Silchar, April 6: A beleaguered Tarun Gogoi today made an impassioned appeal for restraint from the Hmar and Dimasa communities, engaged in the worst ethnic clashes in Assam since the Bodo-Adivasi riots, and asked those who had fled their villages to return home and start life afresh.
Addressing inmates of refugee camps at Hmarkhawlien and Dholai, Gogoi said his government would ensure their safety if they returned home. He announced Rs 1 lakh each in compensation to the families of the 23 Dimasa tribesmen who were slain by Hmar militants and promised to rehabilitate displaced members of both communities.
The chief minister, who was in Cachar for about five hours, said, “The riots were the fallout of misunderstanding between two tribes that have been living together as brothers for generations.”
He told the Hmar refugees in Hmarkhawlien, 30 km from here, that Dispur would depute an officer of the rank of additional deputy commissioner to oversee their rehabilitation. The officer would be a member of their tribe, he said.
The Hmar refugees raised slogans against veterinary minister G.C. Langthasa, who is from the Dimasa tribe, for allegedly not doing anything to protect them while they were being persecuted by Dimasa militants in the North Cachar Hills.
Gogoi later met Dimasa refugees from Checkercham and Meghnathal villages and assured them of help in rebuilding their houses, which were allegedly torched by Hmar villagers with the alleged support of the Hmar People’s Conference (Democratic).
While the chief minister was meeting refugees, the police unveiled a new security plan for Cachar district, whose proximity with the North Cachar Hills, Manipur and Mizoram has made it vulnerable to both militant activity and ethnic conflict.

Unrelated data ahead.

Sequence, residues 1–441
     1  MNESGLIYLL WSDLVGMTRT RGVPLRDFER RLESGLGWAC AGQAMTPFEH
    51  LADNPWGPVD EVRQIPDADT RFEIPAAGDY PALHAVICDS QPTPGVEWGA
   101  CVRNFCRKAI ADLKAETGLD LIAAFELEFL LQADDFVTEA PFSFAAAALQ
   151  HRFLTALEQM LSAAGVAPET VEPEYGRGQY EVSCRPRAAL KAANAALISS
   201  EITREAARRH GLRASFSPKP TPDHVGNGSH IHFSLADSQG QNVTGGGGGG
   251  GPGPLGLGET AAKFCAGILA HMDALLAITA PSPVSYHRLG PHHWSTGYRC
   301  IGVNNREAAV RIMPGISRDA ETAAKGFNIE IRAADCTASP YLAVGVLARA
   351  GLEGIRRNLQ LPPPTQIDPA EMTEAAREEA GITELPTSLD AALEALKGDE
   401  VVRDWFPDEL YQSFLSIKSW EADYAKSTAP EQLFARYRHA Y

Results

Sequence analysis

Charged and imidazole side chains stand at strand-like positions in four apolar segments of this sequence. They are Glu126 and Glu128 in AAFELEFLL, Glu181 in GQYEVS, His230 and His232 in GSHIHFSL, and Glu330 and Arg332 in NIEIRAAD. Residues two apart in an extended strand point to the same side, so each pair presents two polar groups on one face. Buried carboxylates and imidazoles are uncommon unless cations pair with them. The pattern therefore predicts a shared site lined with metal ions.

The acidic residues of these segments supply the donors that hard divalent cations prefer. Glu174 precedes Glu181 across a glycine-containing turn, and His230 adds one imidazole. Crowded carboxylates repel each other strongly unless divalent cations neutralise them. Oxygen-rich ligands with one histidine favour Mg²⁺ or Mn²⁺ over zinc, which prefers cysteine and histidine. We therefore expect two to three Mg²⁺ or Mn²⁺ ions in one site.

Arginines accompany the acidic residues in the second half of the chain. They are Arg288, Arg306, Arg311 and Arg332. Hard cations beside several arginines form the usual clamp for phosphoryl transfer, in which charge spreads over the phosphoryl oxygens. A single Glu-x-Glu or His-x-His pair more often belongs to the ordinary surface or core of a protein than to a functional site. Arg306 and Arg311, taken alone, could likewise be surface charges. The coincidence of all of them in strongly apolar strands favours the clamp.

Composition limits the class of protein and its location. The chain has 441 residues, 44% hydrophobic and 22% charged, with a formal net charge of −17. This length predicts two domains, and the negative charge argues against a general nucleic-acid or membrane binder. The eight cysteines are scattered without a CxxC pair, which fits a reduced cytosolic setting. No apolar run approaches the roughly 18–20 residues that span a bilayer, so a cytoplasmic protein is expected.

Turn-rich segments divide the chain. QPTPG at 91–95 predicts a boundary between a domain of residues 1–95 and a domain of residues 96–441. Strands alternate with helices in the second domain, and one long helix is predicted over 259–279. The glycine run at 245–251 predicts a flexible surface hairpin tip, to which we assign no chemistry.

Director-general of police H.K. Deka told The Telegraph that a platoon each of the India Reserve Battalion would be deployed at Checkercham.
, near which 23 Dimasa tribesmen were killed by Hmar militants on March 31, and Guabari-Lambabasti under Udarbond block.
Checkercham is in the plains of Sonai block, about 45 km south of Silchar town.
A unit of the 3rd Armed Police Battalion is already on its way to Cachar from Titabor in Upper Assam to bolster the district police force, which has been under scrutiny since the massacre on Mastul Hill came to light.
The police chief yesterday met senior officials of the army and paramilitary forces to form an “intelligence pool” and find ways to co-ordinate counter-insurgency operations in the district.
Though police and security forces claim to have a grip on the situation in Cachar and the adjacent North Cachar Hills, reports of ethnic violence continue to pour in.
Last night, a group of Dimasa youth pelted stones at the Cachar Express and ransacked some compartments of the Silchar-bound train near Mupa railway station. The group was apparently on the lookout for Hmar tribesmen to avenge the massacre last week.
In another incident, miscreants torched 15 houses belonging to members of the Kuki tribe, which has genealogical links with the Hmars, at Longmangtu village near Jatinga in the North Cachar Hills.